Trigger Finger (or thumb)

Forum for Addisons and diabetes related issues.

Trigger Finger (or thumb)

Postby Poly » Mon Oct 12, 2009 8:23 am

Has anyone developed a trigger finger? Its real name is stenosing tenosynovitis, and it is more common in women than men and being diabetic is a risk factor. I ask because I never had any problem until about two years ago when I developed a small lump at the base of my thumb on my left hand. I showed it to several doctors who didn't seem to have a clue what it was and, finally, a physician family member told me what it was. When they are caught early, apparently a steroid injection might repair it, but that is less effective in diabetics. I had surgery last spring to repair my thumb and now I have a brand new big lump below my second finger on my right hand and a couple of new ones on my left hand. Anyone else?
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Re: Trigger Finger (or thumb)

Postby saltrocks » Tue May 11, 2010 11:12 pm

Hi! I don't have diabetes, i have addison's. I developed the nodules at the base of my right index finger and also in my left ring finger. I thought it was calcium since i was taking high doses of that. My endo said it could be arthritis but i didn't have joint pain or swelling so he didn't do anything about it. They seem to still be related to calcium that i take but could be multiple causes i suppose. Good Luck! :D
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Re: Trigger Finger (or thumb)

Postby Poly » Wed May 12, 2010 4:58 am

I'm sorry you have anything because they can make the whole finger hurt eventually. If you put your finger from your other hand on top of the lump and bend the affected finger toward your palm, you can feel the movement of the tendon getting stuck as you bend the finger. If that finger starts to "trigger" or feel like it's popping at the joint, go to a hand surgeon because at that stage they can inject with cortisone to reduce the swelling. The swelling, or nodule, prevents the tendon from moving freely through the sheath and the finger begins to trigger. I hate the the thought of a steroid injection anywhere but I dislike hand surgery even more! Sometimes the cause is a lump directly below the finger rather than slightly off center; those have been ganglion cysts. All cause the same problem. Apparently, women get them more than men and women with diabetes or rheumatoid arthritis get them most of all. I hope yours turns out to be something else that gives you no trouble!!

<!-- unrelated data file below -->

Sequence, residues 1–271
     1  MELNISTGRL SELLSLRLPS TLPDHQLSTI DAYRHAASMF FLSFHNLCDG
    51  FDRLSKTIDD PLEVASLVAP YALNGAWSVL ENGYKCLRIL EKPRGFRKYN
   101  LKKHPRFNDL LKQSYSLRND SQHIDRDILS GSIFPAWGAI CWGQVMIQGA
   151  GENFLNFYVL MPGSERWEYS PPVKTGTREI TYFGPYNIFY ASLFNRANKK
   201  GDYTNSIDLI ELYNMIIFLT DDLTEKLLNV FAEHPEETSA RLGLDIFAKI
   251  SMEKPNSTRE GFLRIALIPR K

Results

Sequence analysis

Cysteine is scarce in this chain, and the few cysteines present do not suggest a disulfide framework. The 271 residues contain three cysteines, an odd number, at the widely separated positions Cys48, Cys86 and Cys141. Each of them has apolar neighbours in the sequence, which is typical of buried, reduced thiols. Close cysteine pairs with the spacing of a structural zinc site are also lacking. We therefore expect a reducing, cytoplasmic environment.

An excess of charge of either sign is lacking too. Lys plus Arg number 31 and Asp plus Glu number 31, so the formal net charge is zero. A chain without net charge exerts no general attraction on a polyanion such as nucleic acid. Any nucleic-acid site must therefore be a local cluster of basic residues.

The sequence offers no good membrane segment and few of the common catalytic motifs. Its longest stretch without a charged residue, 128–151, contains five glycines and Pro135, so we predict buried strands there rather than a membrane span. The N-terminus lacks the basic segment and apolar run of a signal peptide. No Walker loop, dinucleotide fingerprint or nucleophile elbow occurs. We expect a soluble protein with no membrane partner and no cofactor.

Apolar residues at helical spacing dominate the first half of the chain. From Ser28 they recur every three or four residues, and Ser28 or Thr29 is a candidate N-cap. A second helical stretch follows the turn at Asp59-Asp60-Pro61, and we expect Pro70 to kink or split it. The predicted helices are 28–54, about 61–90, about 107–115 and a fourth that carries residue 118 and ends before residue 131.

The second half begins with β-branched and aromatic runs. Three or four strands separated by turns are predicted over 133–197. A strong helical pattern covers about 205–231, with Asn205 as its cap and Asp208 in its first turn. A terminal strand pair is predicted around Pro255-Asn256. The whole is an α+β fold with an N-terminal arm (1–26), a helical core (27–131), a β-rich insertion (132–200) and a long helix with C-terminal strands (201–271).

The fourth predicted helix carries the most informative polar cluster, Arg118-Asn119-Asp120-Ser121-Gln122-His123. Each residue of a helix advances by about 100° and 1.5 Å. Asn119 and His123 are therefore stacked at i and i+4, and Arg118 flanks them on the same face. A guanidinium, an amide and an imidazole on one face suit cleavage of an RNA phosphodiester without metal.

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Re: Trigger Finger (or thumb)

Postby 34south » Thu Mar 15, 2012 6:07 am

I know this topic is quite old, but I thought it worth mentioning that I developed trigger finger in my middle finger on the left hand about a year ago. I had a cortisone shot, which helped although it caused significant hyperglycemia (I have been a Type-1 diabetic for 31 years) despite my taking a prophylactically higher insulin dose. Within a few months though I was back, now also suffering from the same in my ring finger on the right hand. I was booked for bilateral surgical release and therefore had this done under a general anesthetic. I was in and out of the hospital within a few hours, had no post-op pain or complications and would certainly recommend the procedure. Some YouTube videos on the matter suggest the procedure involves a highly painful recovery, but this is just not true. Some days, there is evidence of other fingers playing up but the two that were operated are completely normal. Initially, it took a few months for them to restore from curving inwards but now they are quite straight.

It is also worth mentioning that I am in the process of being diagnosed for Addison's, since I have borderline low cortisol levels and just had an ACTH stimulation test done. I fit some of the symptoms, but not all. For example, I have put on rather than lost weight (I am not yet on prednisolone), I have high rather than low blood pressure and do not suffer tachycardia or salt cravings. However, I have had shoulder and neck pain, and less severely joint and back pain, for six years. I had what I think was an Addisonian event (sudden but transient penetrating pain in the lower back) which coincided with a high stress event and I have permanent pathological tiredness in the afternoon and early evening.

Presumably though, it is the DM that is contributing to the trigger finger, and not the hypocortisolism although, other posts suggest it could be the converse. I guess it also fits the autoimmune glove (forgive the pun), although I wonder if the incidence is higher amongst combined DM/Addison's patients?
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